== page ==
In the god lists found at Ugarit, which serve as a lexicon between Ugaritic and Akkadian, Tiamat is equated with Baal’s nemesis, Yam. After his victory over Tiamat, Marduk, like Baal, was declared king of the gods and had a palace built in his honor.

Some scholars have observed that because no copy of the Enuma Elish predates the tablets containing the Baal Cycle found at Ugarit, and it probably originated no more than two hundred years before the Baal Cycle, the storm-god-slays-dragon myth may have traveled to Babylon from the region around Mount Zaphon and not, as is generally assumed, the other way around. This makes a lot of sense. It’s far more likely that people near the Mediterranean would envision the sea as a monstrous opponent of the gods than the inhabitants of arid central Mesopotamia.

As we mentioned earlier, the Sumerian storm-god Iškur may well have been a Semitic import. The Amorites were in contact with southern Mesopotamia from an early age. As with the belief that the storm-god was king of the gods, the account of his triumph over chaos may have traveled west to east with Amorite caravans. Of course, these tales were a PSYOP to lay claim to the victory that Yahweh had won over Leviathan and chaos.

There is another connection linking all these stories: We previously mentioned a letter to Zimrī-Līm, the king of Mari, confirming receipt of the weapons of Hadad at the temple of Dagan in Terqa. The king also received a message purportedly from the god himself through one of his prophets:

Thus says Adad [Hadad/Baal], I brought you back to the throne of your father, I brought you back. The weapons with which I fought Tiamat I gave to you. With the oil of my bitter victory I anointed you, and no one before you could stand.

A Prophetic Letter of Adad to Zimrī-Līm (A.1968)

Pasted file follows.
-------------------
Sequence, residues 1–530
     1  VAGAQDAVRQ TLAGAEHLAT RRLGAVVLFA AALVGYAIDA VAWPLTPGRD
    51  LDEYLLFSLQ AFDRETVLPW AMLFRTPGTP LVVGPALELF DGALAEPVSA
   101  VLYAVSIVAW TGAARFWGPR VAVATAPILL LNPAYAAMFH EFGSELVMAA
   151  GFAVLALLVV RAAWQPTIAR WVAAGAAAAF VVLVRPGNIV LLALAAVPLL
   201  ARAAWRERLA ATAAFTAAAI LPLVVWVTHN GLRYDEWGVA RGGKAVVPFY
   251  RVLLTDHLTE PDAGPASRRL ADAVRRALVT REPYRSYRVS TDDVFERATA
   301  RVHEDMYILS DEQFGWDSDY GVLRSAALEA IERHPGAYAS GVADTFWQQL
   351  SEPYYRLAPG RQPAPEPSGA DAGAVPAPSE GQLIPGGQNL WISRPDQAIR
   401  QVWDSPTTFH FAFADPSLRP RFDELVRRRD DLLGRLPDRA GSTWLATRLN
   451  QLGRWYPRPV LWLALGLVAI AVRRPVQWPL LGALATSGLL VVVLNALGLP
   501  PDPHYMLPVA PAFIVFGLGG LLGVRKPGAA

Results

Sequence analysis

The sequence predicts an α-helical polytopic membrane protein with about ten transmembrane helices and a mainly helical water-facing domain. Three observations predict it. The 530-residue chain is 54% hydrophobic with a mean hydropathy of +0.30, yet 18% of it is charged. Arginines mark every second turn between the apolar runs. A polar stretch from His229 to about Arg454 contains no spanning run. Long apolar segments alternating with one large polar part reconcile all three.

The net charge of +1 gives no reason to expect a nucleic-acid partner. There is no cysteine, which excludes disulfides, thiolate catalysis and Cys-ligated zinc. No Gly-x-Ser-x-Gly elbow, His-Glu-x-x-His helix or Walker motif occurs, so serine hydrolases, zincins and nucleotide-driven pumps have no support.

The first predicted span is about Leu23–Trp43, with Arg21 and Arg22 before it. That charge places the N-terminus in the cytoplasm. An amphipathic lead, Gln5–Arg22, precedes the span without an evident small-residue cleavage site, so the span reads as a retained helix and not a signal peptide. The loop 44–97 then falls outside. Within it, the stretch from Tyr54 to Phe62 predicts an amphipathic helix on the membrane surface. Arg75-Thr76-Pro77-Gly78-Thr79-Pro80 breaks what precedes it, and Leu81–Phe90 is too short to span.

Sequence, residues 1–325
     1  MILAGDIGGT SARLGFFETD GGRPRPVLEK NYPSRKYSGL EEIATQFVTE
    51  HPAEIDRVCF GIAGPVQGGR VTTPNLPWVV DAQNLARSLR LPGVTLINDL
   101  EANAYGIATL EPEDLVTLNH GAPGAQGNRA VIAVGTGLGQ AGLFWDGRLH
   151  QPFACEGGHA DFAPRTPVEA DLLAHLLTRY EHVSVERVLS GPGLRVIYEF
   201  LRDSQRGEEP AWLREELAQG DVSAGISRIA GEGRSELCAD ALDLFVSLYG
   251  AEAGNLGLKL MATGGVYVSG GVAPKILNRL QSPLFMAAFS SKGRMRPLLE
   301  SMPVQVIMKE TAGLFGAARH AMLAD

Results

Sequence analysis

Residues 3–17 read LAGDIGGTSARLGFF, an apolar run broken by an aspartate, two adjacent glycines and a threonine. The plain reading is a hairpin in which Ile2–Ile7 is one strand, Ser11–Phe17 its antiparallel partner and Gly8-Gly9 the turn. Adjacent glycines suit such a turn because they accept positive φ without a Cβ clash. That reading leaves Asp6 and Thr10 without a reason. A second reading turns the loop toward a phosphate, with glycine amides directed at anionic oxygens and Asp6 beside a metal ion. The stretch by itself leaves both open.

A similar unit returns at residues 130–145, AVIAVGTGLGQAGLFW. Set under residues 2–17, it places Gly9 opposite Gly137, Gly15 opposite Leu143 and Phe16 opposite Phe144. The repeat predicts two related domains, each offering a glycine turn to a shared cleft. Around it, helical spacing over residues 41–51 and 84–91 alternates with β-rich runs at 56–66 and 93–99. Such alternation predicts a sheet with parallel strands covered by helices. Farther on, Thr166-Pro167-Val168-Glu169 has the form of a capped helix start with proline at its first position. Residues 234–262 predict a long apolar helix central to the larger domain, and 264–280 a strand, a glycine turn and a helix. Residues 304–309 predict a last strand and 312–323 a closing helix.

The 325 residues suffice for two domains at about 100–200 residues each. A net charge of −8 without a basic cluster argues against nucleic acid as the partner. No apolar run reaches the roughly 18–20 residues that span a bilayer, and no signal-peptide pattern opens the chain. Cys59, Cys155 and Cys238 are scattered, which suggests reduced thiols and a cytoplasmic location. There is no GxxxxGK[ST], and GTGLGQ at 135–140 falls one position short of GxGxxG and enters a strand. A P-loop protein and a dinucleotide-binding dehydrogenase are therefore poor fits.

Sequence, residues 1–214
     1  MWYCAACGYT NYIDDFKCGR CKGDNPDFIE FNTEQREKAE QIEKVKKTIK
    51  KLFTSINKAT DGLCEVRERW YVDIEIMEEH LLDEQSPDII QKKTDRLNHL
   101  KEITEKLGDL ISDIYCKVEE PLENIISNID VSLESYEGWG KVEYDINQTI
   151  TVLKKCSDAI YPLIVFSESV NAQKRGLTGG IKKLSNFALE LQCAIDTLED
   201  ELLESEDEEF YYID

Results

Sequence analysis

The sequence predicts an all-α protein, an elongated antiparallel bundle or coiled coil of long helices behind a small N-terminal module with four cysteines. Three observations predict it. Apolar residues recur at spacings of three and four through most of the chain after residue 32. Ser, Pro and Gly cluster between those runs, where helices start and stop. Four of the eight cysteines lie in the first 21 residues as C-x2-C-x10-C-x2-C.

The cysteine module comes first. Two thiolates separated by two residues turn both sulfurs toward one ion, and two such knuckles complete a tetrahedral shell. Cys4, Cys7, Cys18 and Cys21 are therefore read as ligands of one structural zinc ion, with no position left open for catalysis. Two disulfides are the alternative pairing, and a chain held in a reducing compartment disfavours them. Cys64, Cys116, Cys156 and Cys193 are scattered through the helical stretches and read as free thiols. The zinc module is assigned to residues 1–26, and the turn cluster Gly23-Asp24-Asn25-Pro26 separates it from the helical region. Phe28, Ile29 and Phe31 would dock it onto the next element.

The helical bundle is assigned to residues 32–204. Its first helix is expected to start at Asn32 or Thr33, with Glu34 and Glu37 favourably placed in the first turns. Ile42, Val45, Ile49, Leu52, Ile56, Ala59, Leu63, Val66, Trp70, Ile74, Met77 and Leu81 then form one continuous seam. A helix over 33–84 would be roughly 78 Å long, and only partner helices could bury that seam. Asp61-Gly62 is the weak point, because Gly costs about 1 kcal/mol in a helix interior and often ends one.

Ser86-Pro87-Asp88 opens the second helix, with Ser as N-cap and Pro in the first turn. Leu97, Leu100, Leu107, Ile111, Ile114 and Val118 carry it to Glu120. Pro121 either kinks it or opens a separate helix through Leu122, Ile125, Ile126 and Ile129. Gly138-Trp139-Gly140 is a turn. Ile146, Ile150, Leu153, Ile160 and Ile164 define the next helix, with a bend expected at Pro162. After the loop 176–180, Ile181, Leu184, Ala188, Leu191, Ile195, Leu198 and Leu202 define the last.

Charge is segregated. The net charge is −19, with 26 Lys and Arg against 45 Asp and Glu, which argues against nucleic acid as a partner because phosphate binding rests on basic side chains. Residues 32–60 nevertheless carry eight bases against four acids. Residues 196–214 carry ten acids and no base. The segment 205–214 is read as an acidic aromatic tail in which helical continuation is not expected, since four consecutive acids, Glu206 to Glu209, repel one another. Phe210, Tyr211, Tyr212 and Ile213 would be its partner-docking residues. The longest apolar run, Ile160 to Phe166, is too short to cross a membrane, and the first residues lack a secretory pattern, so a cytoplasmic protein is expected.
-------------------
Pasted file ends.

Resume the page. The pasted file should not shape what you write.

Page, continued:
The word translated “Tiamat”, têmtum (a variant form of Tiamat), is a cognate of the Hebrew word tehom, which appears in the very second verse of the Bible:

In the beginning, God created the heavens and the earth. The earth was without form and void, and darkness was over the face of the deep (tehom). And the Spirit of God was hovering over the face of the waters. (Genesis 1:1-2, ESV)

Linking the Sumerian chaos goddess, Tiamat, and “the deep” of Genesis 1:2 puts that verse in a new light. Why did the Spirit of God hover over the waters? Is it possible Yahweh defeated a divine rebel before creating Adam and Eve? And having cast Tehom/Tiamat into the abyss, did His Spirit remain to guarantee the monster would stay there?

Thus, the creation of the world as recorded in Genesis is linked to the Enuma Elish, the Baal Cycle, and the storm-god-slays-dragon myths of ancient Anatolia and Greece, and probably the nightly contest between Set and Apophis, the Indian myth referenced above, the battles between Thor and Jörmungandr, and others.

Not surprisingly, secular scholars generally believe the Genesis account was inspired by the Babylonian myth instead of the other way around. But the oldest written account isn’t necessarily the one that’s true.

Why is all of this about the storm-god relevant? Because Isaiah 14:13 identifies Mount Zaphon—yarkete tsaphon in the Bible (usually translated “heights of the north,” “uttermost north,” or “sides of the north”)—as the “mount of assembly” of the rebel from Eden, and the rally point for the end-times army led by Gog of Magog. And Jesus identified the storm-god as Satan.

In other words, Satan is Baal—and by extension, Zeus, Jupiter, Thor, and every other pantheon’s incarnation of the storm-god.

Think about that. Two thousand years ago, Jesus called this creature the Father of Lies. Today, he’s a wisecracking superhero in the biggest motion picture in history.